Blowing the whistle on the challenges of umpiring
Umpires cop a lot of abuse and they don’t deserve it. They’re the Ginger Rogers of footy – they’re doing just as much running as the Fred Astaire players, but backwards, and for one-tenth of the pay. When I watch a footy game, I’m really only watching for the umpires – I’m just in awe of their composure, their fitness levels, their split-second decision-making skills. Also I barrack for St Kilda so there’s not a lot else to watch while games are happening. I have a fair bit of idle gazing-around time.
Umpiring is no job for the faint of heart.Credit:Getty Images
So when the crowd cheer a beautiful mark, I cheer a beautiful umpire whistle-blow: I yell “Nice tooting, umpy! Nobody blows that ACME 477 Thunderer Finger-Grip Whistle like you! Or is the 476? No matter, blow it umpy, blow it good!” When the crowd yell out “Ball!” I yell out, “Ignore them, umpy! Only you have the training and knowhow to make the correct call! Be confident, umpy, I value your expertise!” When the crowd calls the umpy a blind maggot, I yell out “You’re no blind maggot, umpy! You’re well past the larval stage of your metamorphic development! You’re now a fully-grown housefly with 4000 compound eyes, capable of detecting movement unseen by human eyes! I salute you, umpy, you fly-human aberration!”
Maybe I have extra respect for umpires because I had a brief career as a goal umpire, for about sixteen minutes on a Sunday morning, at my son’s under-12’s junior footy match. I’d been rostered on as goal umpire and I’d never done it before: I was usually rostered on as time-keeper, that was my speciality – I could read a clock, I could ring an old school bell, I was known far and wide as The Swinger of the Donger. But goal umpiring? I’m not a native Victorian. I didn’t know how to do that finger-pointing thing, or wave around the flags with grace and gusto like I was on the barricades in Les Mis and Do You Hear The People Sing was just about to come up.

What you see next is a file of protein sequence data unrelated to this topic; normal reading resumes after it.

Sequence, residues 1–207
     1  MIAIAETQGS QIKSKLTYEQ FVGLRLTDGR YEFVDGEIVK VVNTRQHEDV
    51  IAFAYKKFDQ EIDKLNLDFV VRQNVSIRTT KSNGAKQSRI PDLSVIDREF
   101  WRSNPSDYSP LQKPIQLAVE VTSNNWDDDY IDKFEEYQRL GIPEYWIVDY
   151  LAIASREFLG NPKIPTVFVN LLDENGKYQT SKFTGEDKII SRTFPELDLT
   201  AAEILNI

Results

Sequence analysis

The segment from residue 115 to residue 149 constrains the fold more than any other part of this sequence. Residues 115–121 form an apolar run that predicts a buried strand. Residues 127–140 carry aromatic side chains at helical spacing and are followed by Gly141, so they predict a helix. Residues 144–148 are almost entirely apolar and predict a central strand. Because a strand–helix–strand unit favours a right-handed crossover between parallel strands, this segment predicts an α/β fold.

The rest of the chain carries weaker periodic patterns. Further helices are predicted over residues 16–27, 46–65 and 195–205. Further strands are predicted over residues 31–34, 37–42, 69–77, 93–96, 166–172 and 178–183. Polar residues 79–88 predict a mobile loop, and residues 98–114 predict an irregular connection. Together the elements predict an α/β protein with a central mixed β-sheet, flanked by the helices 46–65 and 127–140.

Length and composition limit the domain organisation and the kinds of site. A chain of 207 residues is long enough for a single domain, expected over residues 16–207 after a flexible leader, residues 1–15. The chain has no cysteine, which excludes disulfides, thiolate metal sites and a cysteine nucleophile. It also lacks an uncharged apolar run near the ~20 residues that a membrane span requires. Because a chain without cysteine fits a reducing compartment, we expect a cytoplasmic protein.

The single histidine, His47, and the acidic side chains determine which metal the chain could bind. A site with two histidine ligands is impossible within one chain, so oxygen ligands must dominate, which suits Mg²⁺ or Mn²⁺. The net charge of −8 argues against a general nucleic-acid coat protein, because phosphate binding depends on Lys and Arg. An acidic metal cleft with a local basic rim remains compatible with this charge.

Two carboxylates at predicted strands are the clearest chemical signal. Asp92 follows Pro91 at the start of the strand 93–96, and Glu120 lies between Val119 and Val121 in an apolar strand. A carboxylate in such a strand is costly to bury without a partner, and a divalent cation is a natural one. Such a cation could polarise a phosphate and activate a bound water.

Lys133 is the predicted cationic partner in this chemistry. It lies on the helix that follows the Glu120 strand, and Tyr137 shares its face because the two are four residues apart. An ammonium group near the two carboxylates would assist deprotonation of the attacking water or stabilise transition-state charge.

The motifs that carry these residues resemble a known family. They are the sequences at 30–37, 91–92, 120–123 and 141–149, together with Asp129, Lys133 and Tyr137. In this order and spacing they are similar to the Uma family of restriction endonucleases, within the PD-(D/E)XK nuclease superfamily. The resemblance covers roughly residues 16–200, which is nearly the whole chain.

But I didn’t want to embarrass my son so for the whole week leading up to the match I researched umpiring websites, pored over YouTube tutorials, practised flag-waving in front of the bathroom mirror with tea-towels – I just couldn’t get that Les Mis flag-wave going, I was more Bob Fosse, too much wrist-snapping and jazzy knee-kicks. Anxiety crept in: sleepless nights, lying in the dark, worrying about rules and signals and other parents laughing at me, mocking my wristy jazzy flag-waving knee-kicks. And what was I going to do if the ball hit the posts? I’d have to just run away while my son watched in shame. Yeah, I’d chuck a runner.
Sunday morning came. I showed up with my son at the oval. I was given a white umpy lab-coat to wear – I looked ridiculous in it, like The Nutty Professor between transformations. I walked out to the posts and stood in the middle. The bell rang to start the game (my bell. I’m The Swinger of the Donger!) Thankfully, no goals got kicked for the first quarter – this was under-12’s footy, most of the team were playing Paper-Rock-Scissors with opposition players.
At the quarter-time break I had a quick word with the club manager, told her I was way out of my depth, she swapped me with another dad who was working the sausage sizzle, and I spent the rest of the morning burning onions to black char. I know it first-hand: footy umpires deserve a lot more respect. And so do footy sausage-sizzlers. And let’s not forget the footy donger-swingers. Respect them, most of all.
Danny Katz is a Melbourne humorist.
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